The supermarket chain Mi Pueblo opened a 35,000-square-foot store in East Palo Alto last Saturday, filling a gaping shopping hole that has existed for three decades in the multicultural city.
He stopped in to try the counter-service Mexican eatery inside the store.
"It might be a new favorite restaurant stop," he said.
The supermarket is located in the Ravenswood 101 Shopping Center off of U.S. Highway 101 and University Avenue. East Palo Alto's last full-service supermarket closed in the 1970s.
Brightly painted in primary colors on the outside, the new market on the inside features vibrant murals along its walls and strings of flags overhead.
Mi Pueblo's selection mirrors that of a traditional American supermarket, but with a focus on Hispanic food products. There are fresh concha pastries and large cases of meats, including pigs' feet, along with cereal, Coca Cola and neatly organized produce. There's even a small assortment of Asian foods.
This week, the atmosphere at the market seemed mild-mannered during the day. But Mi Pueblo came alive at dinner time, thanks to the smell of carnitas wafting out into the parking lot.
Many residents stopped by after work to pick up ingredients for dinner.
Gabriel Hernandez came all the way from Sunnyvale because he said this location has a better selection than the Mi Pueblo in Mountain View.
"We needed it for a long, long time," East Palo Alto Police Officer Tracy Frey said. "Older people come here. There are a lot of young families, too. You can imagine how hard it is to have to pack up, get in the car and drive to another city."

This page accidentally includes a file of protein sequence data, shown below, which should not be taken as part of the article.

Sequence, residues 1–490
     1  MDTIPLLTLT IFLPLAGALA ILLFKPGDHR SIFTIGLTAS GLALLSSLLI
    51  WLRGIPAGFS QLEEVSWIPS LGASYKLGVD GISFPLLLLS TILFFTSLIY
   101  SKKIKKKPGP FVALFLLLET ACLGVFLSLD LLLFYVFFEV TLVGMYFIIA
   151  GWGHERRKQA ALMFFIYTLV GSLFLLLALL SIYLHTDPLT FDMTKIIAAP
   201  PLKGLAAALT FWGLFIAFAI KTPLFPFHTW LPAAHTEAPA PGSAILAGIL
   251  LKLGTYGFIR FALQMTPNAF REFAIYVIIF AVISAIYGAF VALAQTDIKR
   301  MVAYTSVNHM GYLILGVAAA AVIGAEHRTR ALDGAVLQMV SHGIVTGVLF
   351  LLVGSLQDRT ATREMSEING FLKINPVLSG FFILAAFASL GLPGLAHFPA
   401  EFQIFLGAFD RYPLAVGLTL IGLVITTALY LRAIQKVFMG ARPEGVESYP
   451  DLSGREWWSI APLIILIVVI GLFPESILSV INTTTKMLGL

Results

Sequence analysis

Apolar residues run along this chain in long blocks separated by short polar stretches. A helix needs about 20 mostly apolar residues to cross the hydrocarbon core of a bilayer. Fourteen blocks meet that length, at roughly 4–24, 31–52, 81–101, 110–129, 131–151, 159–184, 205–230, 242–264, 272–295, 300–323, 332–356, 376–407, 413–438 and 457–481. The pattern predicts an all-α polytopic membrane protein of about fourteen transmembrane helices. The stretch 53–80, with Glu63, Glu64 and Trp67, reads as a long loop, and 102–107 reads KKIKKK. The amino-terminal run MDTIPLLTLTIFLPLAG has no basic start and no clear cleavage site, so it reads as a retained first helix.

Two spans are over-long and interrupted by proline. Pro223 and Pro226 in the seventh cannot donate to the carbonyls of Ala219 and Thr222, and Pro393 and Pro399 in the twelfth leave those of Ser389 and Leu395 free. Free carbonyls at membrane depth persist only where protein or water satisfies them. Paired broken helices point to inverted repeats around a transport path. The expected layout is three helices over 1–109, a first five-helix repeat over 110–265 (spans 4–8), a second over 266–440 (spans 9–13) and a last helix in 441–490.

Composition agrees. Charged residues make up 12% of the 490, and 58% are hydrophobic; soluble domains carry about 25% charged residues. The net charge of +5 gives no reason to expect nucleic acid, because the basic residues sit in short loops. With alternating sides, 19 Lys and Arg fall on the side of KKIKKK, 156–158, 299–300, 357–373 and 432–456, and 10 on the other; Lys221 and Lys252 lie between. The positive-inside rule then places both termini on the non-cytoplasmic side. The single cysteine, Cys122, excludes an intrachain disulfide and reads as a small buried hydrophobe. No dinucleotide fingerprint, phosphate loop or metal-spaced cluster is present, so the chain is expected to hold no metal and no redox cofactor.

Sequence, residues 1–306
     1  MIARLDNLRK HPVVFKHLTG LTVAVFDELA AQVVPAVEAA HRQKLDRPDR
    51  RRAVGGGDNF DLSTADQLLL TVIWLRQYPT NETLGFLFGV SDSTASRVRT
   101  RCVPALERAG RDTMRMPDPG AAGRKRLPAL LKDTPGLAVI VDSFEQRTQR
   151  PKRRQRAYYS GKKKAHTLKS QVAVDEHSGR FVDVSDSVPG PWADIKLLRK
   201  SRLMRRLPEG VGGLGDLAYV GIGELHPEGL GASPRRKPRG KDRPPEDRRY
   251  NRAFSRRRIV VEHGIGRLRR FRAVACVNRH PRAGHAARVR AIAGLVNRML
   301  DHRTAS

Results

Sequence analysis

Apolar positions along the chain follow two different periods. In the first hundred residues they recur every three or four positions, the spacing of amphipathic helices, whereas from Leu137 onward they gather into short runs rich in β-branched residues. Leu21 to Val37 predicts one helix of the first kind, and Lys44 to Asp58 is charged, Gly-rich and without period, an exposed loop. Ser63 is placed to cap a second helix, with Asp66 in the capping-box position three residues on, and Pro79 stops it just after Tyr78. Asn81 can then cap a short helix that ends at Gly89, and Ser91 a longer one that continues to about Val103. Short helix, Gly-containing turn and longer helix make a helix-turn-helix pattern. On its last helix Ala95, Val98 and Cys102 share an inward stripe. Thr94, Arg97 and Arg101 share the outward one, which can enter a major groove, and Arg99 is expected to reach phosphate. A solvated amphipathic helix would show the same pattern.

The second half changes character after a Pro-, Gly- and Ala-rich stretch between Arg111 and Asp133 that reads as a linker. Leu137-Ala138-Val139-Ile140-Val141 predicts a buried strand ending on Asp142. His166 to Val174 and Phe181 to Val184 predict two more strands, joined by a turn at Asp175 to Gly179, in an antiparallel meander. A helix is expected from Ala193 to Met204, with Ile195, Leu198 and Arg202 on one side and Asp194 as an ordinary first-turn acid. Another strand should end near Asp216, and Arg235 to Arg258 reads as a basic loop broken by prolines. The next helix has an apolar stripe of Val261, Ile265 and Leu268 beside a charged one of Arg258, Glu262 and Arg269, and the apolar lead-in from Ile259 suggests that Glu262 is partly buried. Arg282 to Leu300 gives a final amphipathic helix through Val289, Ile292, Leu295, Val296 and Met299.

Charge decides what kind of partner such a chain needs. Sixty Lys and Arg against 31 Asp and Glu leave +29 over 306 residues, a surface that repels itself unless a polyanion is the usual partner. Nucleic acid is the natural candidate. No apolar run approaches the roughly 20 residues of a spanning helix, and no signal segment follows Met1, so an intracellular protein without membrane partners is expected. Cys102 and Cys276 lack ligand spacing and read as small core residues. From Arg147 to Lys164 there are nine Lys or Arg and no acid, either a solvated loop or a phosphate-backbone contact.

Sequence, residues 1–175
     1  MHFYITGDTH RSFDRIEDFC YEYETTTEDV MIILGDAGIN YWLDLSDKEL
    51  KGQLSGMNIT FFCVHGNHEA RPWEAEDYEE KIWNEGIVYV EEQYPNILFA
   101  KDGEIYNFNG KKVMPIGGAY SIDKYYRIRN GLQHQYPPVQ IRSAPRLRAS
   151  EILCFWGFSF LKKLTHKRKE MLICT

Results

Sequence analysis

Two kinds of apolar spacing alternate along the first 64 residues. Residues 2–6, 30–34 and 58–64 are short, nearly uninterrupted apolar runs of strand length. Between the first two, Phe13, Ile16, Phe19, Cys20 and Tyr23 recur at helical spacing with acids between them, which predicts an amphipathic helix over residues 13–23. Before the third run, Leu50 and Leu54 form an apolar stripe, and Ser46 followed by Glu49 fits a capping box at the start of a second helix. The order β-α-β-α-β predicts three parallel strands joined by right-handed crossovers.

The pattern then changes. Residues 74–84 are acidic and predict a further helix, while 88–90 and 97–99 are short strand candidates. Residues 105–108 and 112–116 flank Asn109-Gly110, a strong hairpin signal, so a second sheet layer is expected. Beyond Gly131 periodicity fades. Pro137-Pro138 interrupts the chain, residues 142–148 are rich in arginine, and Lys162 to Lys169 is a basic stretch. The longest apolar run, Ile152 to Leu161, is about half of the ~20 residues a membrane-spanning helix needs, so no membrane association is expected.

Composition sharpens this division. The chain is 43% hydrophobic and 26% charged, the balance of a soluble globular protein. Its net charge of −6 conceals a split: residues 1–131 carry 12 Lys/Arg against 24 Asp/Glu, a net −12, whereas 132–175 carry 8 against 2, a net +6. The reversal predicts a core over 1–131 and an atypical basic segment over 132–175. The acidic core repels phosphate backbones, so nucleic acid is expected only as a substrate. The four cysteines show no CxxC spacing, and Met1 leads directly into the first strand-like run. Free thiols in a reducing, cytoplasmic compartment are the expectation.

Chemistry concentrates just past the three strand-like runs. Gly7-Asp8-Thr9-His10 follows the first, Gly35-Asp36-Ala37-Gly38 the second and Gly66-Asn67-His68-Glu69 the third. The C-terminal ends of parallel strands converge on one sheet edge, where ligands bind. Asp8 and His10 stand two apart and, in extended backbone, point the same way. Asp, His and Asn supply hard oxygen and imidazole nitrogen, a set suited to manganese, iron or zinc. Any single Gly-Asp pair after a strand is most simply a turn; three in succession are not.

East Palo Alto residents said that before Mi Pueblo opened, they traveled to Redwood City, Mountain View or Menlo Park for simple grocery runs.
"Every time we had to go to the store, we had to go to San Antonio" Shopping Center in Mountain View, said Antwon Watts of East Palo Alto. But he said he dealt with racial profiling whenever he went there.
Questions about race have also been brought up with respect to Mi Pueblo. At an East Palo Alto City Council meeting last month, some residents expressed fears that the market would cater only to Latino shoppers.
The city's population is approximately 59 percent Hispanic, 22 percent black, 7 percent Pacific Islander, 6 percent white, 4 percent Asian and the rest "other," according to the U.S. Census Bureau.
This week, some customers advocated for a racially mixed workforce at Mi Pueblo, saying it would be an important part of the grocery store's assimilation into the community.
"It would be nice if there were black people working there. It feels uncomfortable," said Grace Watts of East Palo Alto after a trip to the new grocery store.
"I think it's nice that it's coming in, as long as they hire minorities other than themselves," said Darrel Matkins, an East Palo Alto resident.
According to Perla Rodriguez, vice president of public affairs for Mi Pueblo, the company went "above and beyond" what was required when it was recruiting applicants. She said the company worked in tandem with the City of East Palo Alto, putting fliers up at City Hall and hosting English-speaking information sessions. Rodriguez said that despite heavy advertising, the sessions were poorly attended.
Nonetheless, more than 40 percent of the store's 200 employees are East Palo Alto residents, 5 percent more than the city required, Rodriguez said.
Mi Pueblo opened its first market in 1991 in San Jose. The East Palo Alto store, located in the former Circuit City space, is the chain's 14th location. The store is open 365 days a year from 7 a.m. to 10 p.m.
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